High Tatras – A Tradition of Hiking
When you wake up on a clear morning and see the snowy peaks of the High Tatras it quickly becomes clear why the Slovaks worship them and love to identify with their mountains. Just as the Slovenians are with Triglav, the Slovaks are fascinated with these peaks and it seems that the Tatras are both geographically and symbolically watching over Slovakia and its people. The Krivan Peak (2,495m) is to Slovaks what Triglav is to Slovenians, which is why most of the High Tatras have been protected as a National Park since 1948.[/vc_column_text]
The High Tatras are a part of the Carpathian Mountain range, which extends in a large, north-easterly arc from Bratislava to Orsova. The 15-25km wide and 26km long granite ridge stretches from west to east, is open to the north and to the south is peppered with reefs. The mountains are also the main feature between the East and Black Sea. The Poprad river originates in the Mengusovská valley and flows into Vyslo, from where it continues on to the Baltic Sea. The Vah River, which originates as the White Vah beneath Krivan mountain (2,496 m), flows into the Danube and from there on to the Black Sea. The Lomnický štít peak, with its pyramidal shape and at 2,632m the second highest mountain of the High Tatras, offers a very special vista over the wonderfully high mountains. You may be surprised on your first contact with the Tatras by the consequences of a 2004 natural disaster, when hurricane winds of up to 170km/h destroyed almost all of the spruce forests at their foot. The damage evaluation showed that approximately 3 million m3 of wood was felled and whilst the forest is slowly re-establishing itself the scrap wood still testifies to the very delicate balance of nature.
The dramatic landscape that is largely protected in the national parks has always attracted mountaineers because of its marvellous views. The surrounding beauty is something you just can’t get enough of, with its attractiveness stretching over more than 25 peaks at a height of more than 2,600 metres. As it is a protected area you are only allowed to walk along marked trails in Tatras, so the best option is to hire a local registered guide. The Slovakian mountain trails are excellently furnished with road signs and markings, as well as with numerous guides, and hiking is actually amongst the most developed of its tourist activities. We strongly recommend that you include a truly memorable experience of the only European Sherpas in your visit to the High Tatras, who day by day supply the more than 12 Tatras mountain huts that all offer their own genuine mountain hospitality.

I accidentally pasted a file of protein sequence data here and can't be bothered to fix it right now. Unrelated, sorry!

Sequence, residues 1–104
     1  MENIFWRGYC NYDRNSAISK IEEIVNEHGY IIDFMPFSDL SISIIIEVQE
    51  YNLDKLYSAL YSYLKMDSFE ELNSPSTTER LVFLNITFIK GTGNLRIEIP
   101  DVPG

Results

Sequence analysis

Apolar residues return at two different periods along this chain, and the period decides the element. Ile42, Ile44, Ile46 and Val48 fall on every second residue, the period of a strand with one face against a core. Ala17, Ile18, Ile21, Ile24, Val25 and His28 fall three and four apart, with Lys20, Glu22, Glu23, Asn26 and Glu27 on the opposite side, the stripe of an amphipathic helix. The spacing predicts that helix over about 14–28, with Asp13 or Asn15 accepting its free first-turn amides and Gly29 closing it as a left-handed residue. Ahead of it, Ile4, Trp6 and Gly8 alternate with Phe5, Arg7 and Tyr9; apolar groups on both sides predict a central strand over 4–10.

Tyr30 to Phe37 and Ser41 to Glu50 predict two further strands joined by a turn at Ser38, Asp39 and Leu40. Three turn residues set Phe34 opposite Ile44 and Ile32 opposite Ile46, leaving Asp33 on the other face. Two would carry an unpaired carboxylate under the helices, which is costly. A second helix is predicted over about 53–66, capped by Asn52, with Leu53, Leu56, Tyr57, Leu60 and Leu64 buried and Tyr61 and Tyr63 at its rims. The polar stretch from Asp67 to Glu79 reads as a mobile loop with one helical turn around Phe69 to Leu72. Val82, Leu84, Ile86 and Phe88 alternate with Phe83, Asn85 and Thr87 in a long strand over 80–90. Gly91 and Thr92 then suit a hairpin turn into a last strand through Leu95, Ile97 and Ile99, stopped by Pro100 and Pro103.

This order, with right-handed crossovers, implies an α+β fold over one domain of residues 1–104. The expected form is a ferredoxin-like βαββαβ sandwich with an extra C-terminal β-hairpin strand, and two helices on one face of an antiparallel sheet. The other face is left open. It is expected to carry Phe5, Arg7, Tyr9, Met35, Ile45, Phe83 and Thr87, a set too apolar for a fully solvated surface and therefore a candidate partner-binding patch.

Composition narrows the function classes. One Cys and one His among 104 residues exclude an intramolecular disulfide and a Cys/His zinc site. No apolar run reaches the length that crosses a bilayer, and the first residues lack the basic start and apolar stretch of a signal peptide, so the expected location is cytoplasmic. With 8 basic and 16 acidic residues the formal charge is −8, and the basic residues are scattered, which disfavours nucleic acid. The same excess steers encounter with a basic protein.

Slovenes and Slovaks are similar in their skiing habits and both love to conquer mountain peaks. The largest ski resorts in the High Tatras are Strbske Pleso, Starý Smokovec, Tatranská Lomnica in Slovakia and Zakopane in Poland. All of the equipment on the ski slopes are modern and if necessary the ski channels can be artificially snowed. The resorts are connected by electrical rail, allowing easy and sustainable travel between some of the major tourist destinations. The season runs until the end of April, but the equipment also operates in summer time, to shorten the tourist route to the heart of the Tatras. The ski offer can also be adapted for a variety of incentive programmes that covers everything from zorbing to night sledding and snowshoeing.
The very diverse tourist offers demonstrates that this is a well-developed tourist region. In addition to the ski resort offer, the locals are especially proud of the Aqua City Poprad, built by entrepreneur and visionary Jan Telensky. It is an impeccably sustainable project, nicely integrated into the natural environment and offering 10 swimming pools and numerous wellness programmes. The hotel has created a kind of hybrid, suitable also for large conference groups. The latest acquisition, popular among media planners, is the Hurricane Factory Tatralandia. It is the first aerodynamic tunnel in Slovakia, where they can create the feeling you feel when jumping out of an airplane (if you happen to know that already!). Whether in summer or winter a range of activities on the ski slopes can be organised. For winter activities they also use the landing spot of spectacular 120-metre ski jump in Štrbské Pleso, which in the 90s was the venue for the FIS Ski Jumping World Cup.
You can find some of the best Slovakian restaurants offering excellent cuisine in the High Tatras and for less formal occasions there is also the type of catering facilities where you can try traditional local dishes. For gourmets a visit to the Culinarium restaurant is near obligatory. An innovative restaurant menu includes seasonal organic food and specialties prepared in a modern way by celebrity chef Gabriel Kočak, but fear not, for you can also try the Slovak national dish of “bryndzové halušky”, dumplings made of potato dough and coated with a mixture of sheep’s ricotta and cream and dressed with crackling.
The High Tatras are full of small, craggy, steep peaks with deep cut valleys and wild romantic cliffs lying between the ridges. The weathered granite gives the mountains a dark brown colour and the numerous lakes, thought to be about a hundred in number, are of glacial origin. The ensemble is very complete and is easily comparable with the most popular tourist vistas in the heart of the Alps. It also is rich in cultural and historic heritage, with castles and an authentic mountain culture.